entity the contents of a communication while in electronic storage by that
The Court of Appeal wrote that Apple cannot obtain stored e-mail
from O'Grady's e-mail service provider pursuant to a civil subpoena because
Section 2702(a) prohibits this, and Section 2702(b), which enumerates
exceptions, contains no applicable exception.
Apple argued that Section 2702(b), which exempts the contents of
communications disclosed "as may be necessarily incident
to the rendition of the service or to the protection of the rights or property
of the provider of that service", is applicable. Apple feebly argued that since
noncompliance with a subpoena would expose the service provider to contempt or
other sanctions, its property was at risk. The Court of Appeals was not impressed.
Apple also argued that
18 U.S.C. § 2707's language, which provides, in part, that "good faith
reliance on ... a court warrant or order ... is a complete defense to any civil
or criminal action brought under" the SCA, entitles it to obtain the records.
However, the Court of Appeal held that this language merely provides the service
provider an exemption from liability for good faith, but illegal
disclosure. It does not make the disclosure legal.
The Court of Appeal also rejected, following a lengthy analysis,
the argument that there is an implied exemption to the SCA for civil discovery.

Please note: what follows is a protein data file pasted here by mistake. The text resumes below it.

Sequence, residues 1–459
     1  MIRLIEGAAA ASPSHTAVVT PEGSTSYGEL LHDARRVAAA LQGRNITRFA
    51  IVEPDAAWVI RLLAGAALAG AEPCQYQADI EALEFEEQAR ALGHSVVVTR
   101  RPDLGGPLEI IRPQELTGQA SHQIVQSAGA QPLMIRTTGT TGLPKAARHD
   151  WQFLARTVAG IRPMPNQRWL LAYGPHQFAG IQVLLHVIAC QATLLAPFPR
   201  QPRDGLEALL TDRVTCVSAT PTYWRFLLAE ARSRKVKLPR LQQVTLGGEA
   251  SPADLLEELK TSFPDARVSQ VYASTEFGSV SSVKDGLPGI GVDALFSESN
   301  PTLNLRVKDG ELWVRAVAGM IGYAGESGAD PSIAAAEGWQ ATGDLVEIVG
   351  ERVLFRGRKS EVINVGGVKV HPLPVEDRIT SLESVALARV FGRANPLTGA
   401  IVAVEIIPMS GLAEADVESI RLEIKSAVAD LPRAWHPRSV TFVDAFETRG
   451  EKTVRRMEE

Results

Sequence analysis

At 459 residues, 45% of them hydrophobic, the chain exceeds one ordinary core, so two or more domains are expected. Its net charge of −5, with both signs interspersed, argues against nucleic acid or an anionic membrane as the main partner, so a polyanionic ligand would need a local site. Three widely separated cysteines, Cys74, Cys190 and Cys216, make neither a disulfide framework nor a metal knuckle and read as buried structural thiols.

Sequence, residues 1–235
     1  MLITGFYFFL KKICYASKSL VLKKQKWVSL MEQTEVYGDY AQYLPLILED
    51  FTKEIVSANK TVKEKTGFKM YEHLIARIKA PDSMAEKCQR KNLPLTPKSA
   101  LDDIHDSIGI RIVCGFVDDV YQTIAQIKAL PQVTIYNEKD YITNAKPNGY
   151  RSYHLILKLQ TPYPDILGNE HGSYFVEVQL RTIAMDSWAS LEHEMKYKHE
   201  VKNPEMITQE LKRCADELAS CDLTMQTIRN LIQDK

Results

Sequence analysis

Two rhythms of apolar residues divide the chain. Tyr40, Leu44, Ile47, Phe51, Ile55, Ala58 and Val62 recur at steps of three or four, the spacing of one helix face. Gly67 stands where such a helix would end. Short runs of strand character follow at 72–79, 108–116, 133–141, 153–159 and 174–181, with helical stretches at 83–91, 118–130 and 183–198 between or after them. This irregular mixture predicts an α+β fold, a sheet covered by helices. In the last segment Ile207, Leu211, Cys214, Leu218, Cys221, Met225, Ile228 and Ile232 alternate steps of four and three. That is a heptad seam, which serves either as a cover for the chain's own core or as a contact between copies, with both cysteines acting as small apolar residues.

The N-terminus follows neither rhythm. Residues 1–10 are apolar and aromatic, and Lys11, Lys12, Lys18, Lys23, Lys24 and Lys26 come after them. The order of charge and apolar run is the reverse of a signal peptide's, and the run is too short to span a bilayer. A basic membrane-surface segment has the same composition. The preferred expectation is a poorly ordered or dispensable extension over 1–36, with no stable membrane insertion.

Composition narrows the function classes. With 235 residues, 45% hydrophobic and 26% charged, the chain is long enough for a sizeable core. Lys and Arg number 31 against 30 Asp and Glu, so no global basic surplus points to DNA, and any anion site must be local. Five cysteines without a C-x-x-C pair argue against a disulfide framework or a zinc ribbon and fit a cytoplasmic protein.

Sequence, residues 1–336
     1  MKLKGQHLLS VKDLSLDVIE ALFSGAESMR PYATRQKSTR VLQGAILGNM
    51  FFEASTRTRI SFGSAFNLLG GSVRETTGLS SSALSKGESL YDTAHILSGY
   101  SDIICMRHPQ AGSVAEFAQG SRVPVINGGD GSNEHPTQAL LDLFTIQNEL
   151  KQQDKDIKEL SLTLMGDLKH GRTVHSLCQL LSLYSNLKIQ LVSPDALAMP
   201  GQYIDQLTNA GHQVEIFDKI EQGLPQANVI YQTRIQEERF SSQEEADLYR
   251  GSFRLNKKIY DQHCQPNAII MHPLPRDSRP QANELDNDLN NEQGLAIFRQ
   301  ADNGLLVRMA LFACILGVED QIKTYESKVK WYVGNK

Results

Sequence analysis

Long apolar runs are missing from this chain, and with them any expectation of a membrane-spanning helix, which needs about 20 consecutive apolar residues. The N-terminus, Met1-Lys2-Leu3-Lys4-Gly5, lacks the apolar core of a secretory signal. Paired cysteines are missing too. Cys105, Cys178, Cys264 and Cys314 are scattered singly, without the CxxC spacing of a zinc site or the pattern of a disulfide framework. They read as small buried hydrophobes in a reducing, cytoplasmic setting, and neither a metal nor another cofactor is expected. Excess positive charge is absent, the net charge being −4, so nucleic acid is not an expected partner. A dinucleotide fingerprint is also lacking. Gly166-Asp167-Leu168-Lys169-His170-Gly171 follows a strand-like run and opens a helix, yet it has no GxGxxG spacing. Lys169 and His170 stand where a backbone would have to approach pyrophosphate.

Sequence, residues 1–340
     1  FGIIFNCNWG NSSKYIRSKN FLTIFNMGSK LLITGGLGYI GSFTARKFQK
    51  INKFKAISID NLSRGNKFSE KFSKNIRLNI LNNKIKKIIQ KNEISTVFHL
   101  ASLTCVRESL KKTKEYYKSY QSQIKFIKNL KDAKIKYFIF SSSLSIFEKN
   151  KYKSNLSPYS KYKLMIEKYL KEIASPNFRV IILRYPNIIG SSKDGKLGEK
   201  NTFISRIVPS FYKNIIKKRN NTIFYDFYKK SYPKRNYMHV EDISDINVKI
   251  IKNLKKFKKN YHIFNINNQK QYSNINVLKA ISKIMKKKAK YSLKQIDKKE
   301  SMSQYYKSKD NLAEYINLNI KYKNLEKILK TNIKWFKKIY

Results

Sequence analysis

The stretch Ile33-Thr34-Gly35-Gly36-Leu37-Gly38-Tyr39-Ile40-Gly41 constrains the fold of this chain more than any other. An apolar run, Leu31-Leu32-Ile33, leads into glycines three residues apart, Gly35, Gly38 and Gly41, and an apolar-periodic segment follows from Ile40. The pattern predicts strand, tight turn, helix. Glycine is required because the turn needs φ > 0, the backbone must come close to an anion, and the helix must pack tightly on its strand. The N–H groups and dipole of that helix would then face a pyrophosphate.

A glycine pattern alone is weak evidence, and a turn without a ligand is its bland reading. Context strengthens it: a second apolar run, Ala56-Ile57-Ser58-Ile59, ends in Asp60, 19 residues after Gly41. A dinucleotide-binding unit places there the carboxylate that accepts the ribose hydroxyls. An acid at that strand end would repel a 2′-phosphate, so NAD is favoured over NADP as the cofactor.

California Reporter's Shield Law. The California constitution provides
that "A publisher, editor, reporter, or other person connected with or employed
upon a newspaper, magazine, or other periodical publication . . . shall not be
adjudged in contempt . . . for refusing to disclose the source of any
information procured while so connected or employed for publication in a
newspaper, magazine or other periodical publication, or for refusing to disclose
any unpublished information obtained or prepared in gathering, receiving or
processing of information for communication to the public." There is a related
provision in the California Evidence Code.
These are provisions of California law, applicable only in cases to which
California law is applied.
First, Apple argued that O'Grady and the others could not assert the shield
because they were not engaged in "legitimate journalism or news", because they
were misappropriating trade secrets.
The Court of Appeal rejected this argument. It wrote that "The shield law is
intended to protect the gathering and dissemination of news, and that is
what petitioners did here. We can think of no workable test or principle that
would distinguish ``legitimate´´ from ``illegitimate´´ news. Any attempt by
courts to draw such a distinction would imperil a fundamental purpose of the
First Amendment, which is to identify the best, most important, and most
valuable ideas not by any sociological or economic formula, rule of law, or
process of government, but through the rough and tumble competition of the
Second, Apple argued that O'Grady and the others could not assert the shield
because they published verbatim information provided to them. The Court of
Appeal rejected this argument. It wrote that "A reporter who uncovers newsworthy
documents cannot rationally be denied the protection of the law because the
publication for which he works chooses to publish facsimiles of the documents
rather than editorial summaries. The shield exists not only to protect editors
but equally if not more to protect newsgatherers."